By Meredith Dault
Lara Purvis always knew she wanted to go into development work - it was just a matter of getting the timing right. Originally from South Africa, Purvis and her family moved to Oakville, Ontario when she was a teenager. "We left because of the violence," says Purvis bluntly. "My parents chose to leave because we didn't feel safe there. Terrible things were happening all around us." But she is also honest about the guilt she feels about having abandoned her native country.
For Purvis, pursuing her Master's degree in the Global Development Studies at Queen's is a way to explore that tension. "I find that this program, for me, is a way to reconcile the South African me, who is the person who loves her country so much and wants to learn about it and give back, with the Canadian me, who is about activism and social movements and wanting to make a difference," says Purvis thoughtfully.
Though Purvis says she was always drawn towards activism, human rights and development work, her family had safety concerns and encouraged her to pursue a career in teaching instead. After earning degrees in both child studies and education, she then got a job teaching elementary school. "It was a lot of fun," Purvis recalls, "but it never felt like the right fit. I kept telling myself that I was moulding young people and that was how I was going to make a difference in the world."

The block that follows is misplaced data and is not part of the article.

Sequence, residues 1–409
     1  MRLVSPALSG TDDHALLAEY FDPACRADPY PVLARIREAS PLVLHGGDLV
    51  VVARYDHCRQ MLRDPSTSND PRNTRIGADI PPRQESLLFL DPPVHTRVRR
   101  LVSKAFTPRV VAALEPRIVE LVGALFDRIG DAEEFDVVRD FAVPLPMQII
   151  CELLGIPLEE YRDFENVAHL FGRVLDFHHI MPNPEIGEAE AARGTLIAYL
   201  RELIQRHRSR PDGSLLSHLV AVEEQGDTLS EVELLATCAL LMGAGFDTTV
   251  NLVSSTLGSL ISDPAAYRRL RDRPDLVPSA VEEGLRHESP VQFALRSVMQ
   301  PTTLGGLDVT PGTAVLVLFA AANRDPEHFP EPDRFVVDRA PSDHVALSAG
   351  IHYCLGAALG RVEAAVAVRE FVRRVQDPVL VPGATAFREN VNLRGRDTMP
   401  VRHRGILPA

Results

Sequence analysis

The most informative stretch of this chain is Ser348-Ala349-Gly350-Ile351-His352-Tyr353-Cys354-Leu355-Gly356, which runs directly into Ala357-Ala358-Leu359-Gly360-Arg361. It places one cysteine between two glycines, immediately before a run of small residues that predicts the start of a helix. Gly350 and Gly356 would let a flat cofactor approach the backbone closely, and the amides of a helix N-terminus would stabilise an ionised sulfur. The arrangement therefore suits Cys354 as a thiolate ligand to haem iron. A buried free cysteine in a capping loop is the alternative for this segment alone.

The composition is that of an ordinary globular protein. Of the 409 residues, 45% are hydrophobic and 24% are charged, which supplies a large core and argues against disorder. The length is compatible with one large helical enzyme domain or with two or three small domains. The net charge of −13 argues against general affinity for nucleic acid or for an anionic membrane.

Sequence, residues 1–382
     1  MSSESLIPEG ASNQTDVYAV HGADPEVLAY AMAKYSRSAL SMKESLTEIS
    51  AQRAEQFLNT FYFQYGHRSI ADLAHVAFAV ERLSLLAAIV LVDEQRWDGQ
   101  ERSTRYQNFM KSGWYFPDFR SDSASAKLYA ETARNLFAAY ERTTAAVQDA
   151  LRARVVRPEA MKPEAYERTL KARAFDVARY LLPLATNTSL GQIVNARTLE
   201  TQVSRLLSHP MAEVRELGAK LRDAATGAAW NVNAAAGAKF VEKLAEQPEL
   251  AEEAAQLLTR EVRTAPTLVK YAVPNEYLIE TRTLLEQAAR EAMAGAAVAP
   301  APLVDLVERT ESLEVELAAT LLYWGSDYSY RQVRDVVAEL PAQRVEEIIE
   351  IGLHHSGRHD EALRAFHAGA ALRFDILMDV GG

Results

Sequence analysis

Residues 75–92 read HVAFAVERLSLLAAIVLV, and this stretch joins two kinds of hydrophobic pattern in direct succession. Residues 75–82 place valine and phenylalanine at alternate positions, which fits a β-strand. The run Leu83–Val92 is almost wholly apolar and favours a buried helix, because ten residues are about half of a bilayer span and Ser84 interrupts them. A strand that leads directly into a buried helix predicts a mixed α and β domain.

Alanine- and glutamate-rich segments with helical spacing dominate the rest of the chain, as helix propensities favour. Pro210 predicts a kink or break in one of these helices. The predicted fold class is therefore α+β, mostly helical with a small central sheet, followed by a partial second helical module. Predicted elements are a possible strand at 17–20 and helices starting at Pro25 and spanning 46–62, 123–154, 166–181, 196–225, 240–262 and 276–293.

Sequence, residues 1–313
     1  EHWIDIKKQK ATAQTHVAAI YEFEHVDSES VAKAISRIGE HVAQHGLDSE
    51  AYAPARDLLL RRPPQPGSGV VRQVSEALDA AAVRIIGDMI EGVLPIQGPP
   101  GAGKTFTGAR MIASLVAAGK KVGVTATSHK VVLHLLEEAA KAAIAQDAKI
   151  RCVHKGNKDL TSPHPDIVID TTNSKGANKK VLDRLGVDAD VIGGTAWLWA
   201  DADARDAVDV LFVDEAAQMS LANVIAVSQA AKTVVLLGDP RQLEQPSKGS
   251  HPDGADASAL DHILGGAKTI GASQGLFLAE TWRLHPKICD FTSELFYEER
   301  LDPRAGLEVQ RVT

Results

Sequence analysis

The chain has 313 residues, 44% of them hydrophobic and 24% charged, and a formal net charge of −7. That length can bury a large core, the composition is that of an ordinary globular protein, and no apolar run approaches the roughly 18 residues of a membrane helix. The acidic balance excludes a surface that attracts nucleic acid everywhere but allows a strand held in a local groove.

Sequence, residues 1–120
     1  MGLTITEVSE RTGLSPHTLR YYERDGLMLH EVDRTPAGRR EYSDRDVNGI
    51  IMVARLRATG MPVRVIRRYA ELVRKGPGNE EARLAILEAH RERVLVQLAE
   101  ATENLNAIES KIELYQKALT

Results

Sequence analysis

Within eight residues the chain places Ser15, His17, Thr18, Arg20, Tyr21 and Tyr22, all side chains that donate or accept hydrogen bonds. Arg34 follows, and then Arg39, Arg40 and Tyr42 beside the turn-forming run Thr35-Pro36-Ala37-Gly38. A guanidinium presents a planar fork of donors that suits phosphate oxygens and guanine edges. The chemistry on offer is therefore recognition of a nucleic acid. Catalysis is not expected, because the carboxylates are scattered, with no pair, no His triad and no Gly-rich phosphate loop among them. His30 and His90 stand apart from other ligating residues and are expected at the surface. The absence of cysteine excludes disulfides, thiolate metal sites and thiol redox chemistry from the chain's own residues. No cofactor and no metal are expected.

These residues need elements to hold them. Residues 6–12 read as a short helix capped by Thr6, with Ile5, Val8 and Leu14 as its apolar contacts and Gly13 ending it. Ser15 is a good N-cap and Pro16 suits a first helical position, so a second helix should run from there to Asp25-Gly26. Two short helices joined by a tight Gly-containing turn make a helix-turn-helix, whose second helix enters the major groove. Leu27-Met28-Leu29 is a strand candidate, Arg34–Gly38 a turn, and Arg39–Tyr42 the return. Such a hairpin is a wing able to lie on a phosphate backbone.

It was clear that her activist itch still wanted scratching. After having a child at age 24, Purvis, who is a single parent, found herself at home with an opportunity to focus on building a career as a freelance writer. "Since I was little I've wanted to be a writer," says Purvis. "So I got involved writing for a leftist liberal newspaper -- and I started writing about gay and lesbian rights and human rights, and the rights of minorities."
In time, Purvis started to feel a pull back to academia. "I wanted to go back to school and start looking at the global picture with these issues," she says animatedly. "I am interested in gay and lesbian rights across the globe and human rights in general: xenophobia, poverty... what leads people to get their children involved in war. That's really what brought me to the Queen's program."